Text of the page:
For many Yankee fans, no player inspires more eye rolls than when Aroldis Chapman comes to the mound. In the last few years, he has defined the term mercurial. As he returns from the injured list after contracting a leg infection due to a tattoo, the question of what the Yankees can expect from him is entirely up in the air. The best that fans can do right now is look to Chapman’s most recent performance (fresh off the IL), and how he’s fared on the season as a whole.
In the losing effort on Saturday, Chapman pitched in the seventh inning. He was solidly OK in the outing. Of course, he walked the first batter he faced, but that eventually amounted to nothing. Chapman subsequently got two quick lineouts, and then struck out Christian Yelich to end the inning.
Even with a walk to begin the inning, Chapman managed to work a scoreless frame after returning from the injured list.
We can glean several items of note from Chapman’s appearance. The first is that his command and control of his fastball remains relatively fickle. It’s sometimes there, and it’s sometimes really not. It’s most evident with the fastball six feet in the air. Chapman’s fastball speed is also down a little bit compared to his season season average, despite the 99-mph heat to fan Yelich. His season average on the four-seamer is 97.6 miles per hour, while it only averaged 97.0 miles per hour on Saturday.
This all indicates that Chapman does not have the same premium velocity that he had in seasons past. This could be the result of the numerous ailments and injuries that he has suffered this year. At the same time, it might just be a continuation of the trend of losing velocity as he ages (though he was slightly up in 2021). Chapman was still able to reach 100.8 miles per hour on his fastball on one pitch — a ball that was not even close. In addition, his slider remains all over the place.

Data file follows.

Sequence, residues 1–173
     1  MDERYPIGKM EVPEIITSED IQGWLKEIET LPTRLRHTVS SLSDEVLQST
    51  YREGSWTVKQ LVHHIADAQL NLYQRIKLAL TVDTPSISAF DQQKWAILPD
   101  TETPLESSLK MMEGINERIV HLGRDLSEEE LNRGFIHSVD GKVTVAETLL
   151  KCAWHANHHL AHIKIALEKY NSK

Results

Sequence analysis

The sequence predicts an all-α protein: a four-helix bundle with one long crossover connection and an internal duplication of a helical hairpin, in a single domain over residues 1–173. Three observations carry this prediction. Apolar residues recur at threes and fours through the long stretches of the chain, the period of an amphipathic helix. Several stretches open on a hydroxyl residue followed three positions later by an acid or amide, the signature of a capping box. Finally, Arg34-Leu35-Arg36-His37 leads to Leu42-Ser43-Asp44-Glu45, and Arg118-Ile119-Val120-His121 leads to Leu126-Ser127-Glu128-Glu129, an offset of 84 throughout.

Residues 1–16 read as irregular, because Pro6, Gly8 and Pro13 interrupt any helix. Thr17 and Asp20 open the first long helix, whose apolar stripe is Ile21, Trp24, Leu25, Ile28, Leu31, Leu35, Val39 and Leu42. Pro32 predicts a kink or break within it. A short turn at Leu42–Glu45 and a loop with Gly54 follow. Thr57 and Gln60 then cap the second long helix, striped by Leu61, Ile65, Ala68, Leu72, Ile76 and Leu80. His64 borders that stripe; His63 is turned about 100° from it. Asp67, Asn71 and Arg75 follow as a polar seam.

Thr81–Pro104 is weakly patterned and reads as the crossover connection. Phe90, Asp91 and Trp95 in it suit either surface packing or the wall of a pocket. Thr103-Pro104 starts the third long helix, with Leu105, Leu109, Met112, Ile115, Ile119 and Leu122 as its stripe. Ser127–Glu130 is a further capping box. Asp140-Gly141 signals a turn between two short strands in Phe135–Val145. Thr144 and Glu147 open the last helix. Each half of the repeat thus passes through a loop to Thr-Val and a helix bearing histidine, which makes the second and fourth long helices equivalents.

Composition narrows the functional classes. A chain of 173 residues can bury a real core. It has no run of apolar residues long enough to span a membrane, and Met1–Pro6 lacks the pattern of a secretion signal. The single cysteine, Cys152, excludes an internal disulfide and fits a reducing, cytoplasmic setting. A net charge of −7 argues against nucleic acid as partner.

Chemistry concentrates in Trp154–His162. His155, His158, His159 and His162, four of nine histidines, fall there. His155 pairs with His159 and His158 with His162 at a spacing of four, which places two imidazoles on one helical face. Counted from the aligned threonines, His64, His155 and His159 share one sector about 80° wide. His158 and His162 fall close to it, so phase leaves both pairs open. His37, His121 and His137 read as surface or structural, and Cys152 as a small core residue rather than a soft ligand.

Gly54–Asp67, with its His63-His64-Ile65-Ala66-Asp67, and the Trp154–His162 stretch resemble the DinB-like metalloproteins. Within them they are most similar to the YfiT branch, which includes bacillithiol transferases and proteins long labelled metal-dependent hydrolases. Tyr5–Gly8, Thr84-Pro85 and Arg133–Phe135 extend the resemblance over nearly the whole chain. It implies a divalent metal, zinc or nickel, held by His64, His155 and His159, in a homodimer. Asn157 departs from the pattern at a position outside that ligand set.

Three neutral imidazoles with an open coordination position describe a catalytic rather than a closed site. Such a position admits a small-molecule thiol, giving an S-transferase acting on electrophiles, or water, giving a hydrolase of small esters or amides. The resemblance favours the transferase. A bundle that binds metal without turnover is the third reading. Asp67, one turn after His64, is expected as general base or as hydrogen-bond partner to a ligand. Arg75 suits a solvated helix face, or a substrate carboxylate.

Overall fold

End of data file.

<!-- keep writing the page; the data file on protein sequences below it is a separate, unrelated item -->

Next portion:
On the season, Chapman has pitched poorly for the most part. Whether this is through injury or age, his performance has not matched his previous abilities. In 31.2 innings across over 37 games, he has a 4.55 ERA with 36 strikeouts.
While posting more than a strikeout per inning remains relatively good, it does not nearly match Chapman’s career averages. This year, he is only striking out batters 25.7 percent of the time, while his career average sits at 38.4 percent of the time. This might be partly a result of inconsistent command and control of all of his pitches, but particularly his split finger and four-seam fastball.
This proves particularly problematic for Chapman, as he has always had an elevated walk rate. The high-strikeout percentage ensured that he could often get out of trouble by striking out the opposing batters. Unfortunately, his elevated walk rate remains with 23 walks in just 31.2 innings. Without the tremendous K numbers of his past, his ERA has suffered.
So how much should the Yankees trust Chapman going forward? The answer comes down to how much the team believes in his past performance. If they think that his injuries have caused the dip in pitching ability, and they believe that those injuries are behind him, then they might trust him considerably. A more cautious approach might be more appropriate.
While there were spurts of games where Chapman has pitched without allowing an earned run, there have been periods where he gives up one or more runs an appearance. He has just not shown enough consistency to warrant any large amount of trust. Even in the game on Saturday, his control and command were all over the place. The Yankees can instead ease him back into the bullpen by giving him low-stress situations. This should allow him to get more comfortable, and hopefully to where he needs to be to contribute.